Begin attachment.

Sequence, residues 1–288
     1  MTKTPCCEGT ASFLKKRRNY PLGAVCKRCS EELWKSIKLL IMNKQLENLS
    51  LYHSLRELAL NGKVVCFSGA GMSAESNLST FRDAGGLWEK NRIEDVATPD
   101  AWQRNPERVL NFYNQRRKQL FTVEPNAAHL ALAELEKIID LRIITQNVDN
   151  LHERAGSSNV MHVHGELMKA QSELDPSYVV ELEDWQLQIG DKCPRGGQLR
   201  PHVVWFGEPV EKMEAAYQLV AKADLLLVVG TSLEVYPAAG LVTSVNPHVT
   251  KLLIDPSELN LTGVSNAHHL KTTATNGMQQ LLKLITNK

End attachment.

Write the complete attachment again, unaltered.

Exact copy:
Sequence, residues 1–288
     1  MTKTPCCEGT ASFLKKRRNY PLGAVCKRCS EELWKSIKLL IMNKQLENLS
    51  LYHSLRELAL NGKVVCFSGA GMSAESNLST FRDAGGLWEK NRIEDVATPD
   101  AWQRNPERVL NFYNQRRKQL FTVEPNAAHL ALAELEKIID LRIITQNVDN
   151  LHERAGSSNV MHVHGELMKA QSELDPSYVV ELEDWQLQIG DKCPRGGQLR
   201  PHVVWFGEPV EKMEAAYQLV AKADLLLVVG TSLEVYPAAG LVTSVNPHVT
   251  KLLIDPSELN LTGVSNAHHL KTTATNGMQQ LLKLITNK